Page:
Let me be more specific, and point the accusing finger at three of our national political institutions in particular: the electoral system, the party system, and the Senate. Each of these decidedly democratic institutions has contributed in a "negative way to the current status of Atlantic Canada within Confederation.
Allow me to explain. In the early years following Confederation, Atlantic'Canada's political strength in the new federal government approached that of Ontario and Quebec. The population of the Maritime provinces was not only stable, but growing. Slowly but surely, however, the balance of power began to shift. The rapid industrialization of Ontario and Quebec served as a magnet, attracting more and more people. Increased population, of course, meant larger markets, and this in turn served to attract more industry. Meantime, the cycle of de-industrialization and de-population was accelerated in the Maritimes. In a nation where the democratic principle of representation by population prevails, "population" translates in "political power". The result is that politicians and political parties scramble to satisfy the greatest common denominator, and in so doing initiate even more "national" policies and programs which strengthen the central Canadian economy at the expense of the other regions. Unfortunately, ladies and gentlemen, things are not getting any better.
In the past year alone Atlantic Canada has been slammed by a series of discriminatory, destructive and callous federal government decisions, taken in the so-called "national" interest, decisions that can only exacerbate regional disparity and contribute to the further weakening of this country as a nation. Once again I will give you the Island perspective.
The backbone of Prince Edward Island's economy continues to be agriculture, the fishery, and tourism. We are making every effort to diversify, however "seasonal employment" is a basic fact of our economic existence. You can't grow potatoes or fish lobster in January. Moreover, the stronger our primary industries become, the greater seasonal work force they require. It appears that Ottawa doesn't understand, or chooses to ignore, this economic reality. Proposed changes to the unemployment insurance system discriminate against seasonal workers, and if implemented will place an additional burden on a small rural economy with limited alternatives.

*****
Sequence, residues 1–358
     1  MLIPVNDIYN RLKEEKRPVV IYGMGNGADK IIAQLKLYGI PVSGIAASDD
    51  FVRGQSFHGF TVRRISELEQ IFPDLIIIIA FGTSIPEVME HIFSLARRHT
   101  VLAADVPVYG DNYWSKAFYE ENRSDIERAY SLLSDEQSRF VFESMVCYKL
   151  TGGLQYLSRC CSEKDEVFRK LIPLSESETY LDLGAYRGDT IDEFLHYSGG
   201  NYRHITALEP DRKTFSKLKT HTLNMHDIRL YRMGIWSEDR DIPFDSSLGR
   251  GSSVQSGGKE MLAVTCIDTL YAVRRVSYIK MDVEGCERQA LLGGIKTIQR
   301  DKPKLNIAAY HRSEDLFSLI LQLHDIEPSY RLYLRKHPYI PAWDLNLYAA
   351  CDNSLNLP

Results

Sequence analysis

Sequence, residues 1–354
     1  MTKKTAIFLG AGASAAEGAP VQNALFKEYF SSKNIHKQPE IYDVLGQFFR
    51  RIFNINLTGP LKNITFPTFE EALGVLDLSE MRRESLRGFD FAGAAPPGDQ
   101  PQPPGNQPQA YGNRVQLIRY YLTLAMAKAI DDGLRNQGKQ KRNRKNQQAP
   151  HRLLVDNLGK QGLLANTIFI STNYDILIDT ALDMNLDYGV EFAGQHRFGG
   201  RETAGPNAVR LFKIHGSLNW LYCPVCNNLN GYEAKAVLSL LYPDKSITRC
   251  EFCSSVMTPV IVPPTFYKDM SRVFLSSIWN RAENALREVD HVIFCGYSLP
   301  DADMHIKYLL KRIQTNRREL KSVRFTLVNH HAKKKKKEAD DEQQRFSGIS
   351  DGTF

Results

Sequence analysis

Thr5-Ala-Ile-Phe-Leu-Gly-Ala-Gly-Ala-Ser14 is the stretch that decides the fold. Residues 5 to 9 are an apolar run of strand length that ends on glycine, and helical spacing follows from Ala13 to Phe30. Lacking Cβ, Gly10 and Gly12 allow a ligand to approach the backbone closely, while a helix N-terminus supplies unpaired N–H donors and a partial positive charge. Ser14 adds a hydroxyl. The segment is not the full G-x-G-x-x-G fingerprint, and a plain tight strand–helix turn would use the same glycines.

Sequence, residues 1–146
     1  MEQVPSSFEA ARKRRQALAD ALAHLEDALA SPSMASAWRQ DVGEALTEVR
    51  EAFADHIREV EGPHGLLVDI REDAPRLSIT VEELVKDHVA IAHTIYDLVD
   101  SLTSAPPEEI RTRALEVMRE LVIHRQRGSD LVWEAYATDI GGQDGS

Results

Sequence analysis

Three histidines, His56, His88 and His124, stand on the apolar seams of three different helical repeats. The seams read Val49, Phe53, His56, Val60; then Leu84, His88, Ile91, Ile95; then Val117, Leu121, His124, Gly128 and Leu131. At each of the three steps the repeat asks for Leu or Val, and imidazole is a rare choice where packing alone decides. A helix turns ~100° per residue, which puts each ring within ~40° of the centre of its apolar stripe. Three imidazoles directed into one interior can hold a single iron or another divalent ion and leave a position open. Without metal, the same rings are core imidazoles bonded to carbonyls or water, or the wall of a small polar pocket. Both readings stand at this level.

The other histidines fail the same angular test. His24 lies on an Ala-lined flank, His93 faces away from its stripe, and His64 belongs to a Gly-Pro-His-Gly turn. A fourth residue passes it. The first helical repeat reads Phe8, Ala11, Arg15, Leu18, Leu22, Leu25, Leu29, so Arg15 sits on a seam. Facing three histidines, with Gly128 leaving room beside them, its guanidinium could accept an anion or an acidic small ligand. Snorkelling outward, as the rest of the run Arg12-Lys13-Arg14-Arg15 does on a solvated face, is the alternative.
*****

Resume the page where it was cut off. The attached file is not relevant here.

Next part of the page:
Canadian Forces Base Summerside gives us further reason to be cynical and disillusioned. Here we have the second largest employer in Prince Edward Island, providing secure, year-round, well-paid jobs to military personnel and civilians, the kind of jobs the federal government urges us to create.
Yes, CFB Summerside generates the equivalent of 200,000 jobs in Ontario or Quebec. And what does the federal government do in the interest of "national" defense and "national" economy? It decides to close the base down, devastating the western part of Prince Edward Island economically, and leaving ours the only province of Canada that will not participate in military spending. This is ironic, given that one of our Island communities, little St. Peters, contributed more sons and daughters to the last war effort than any community of its size in all of Canada.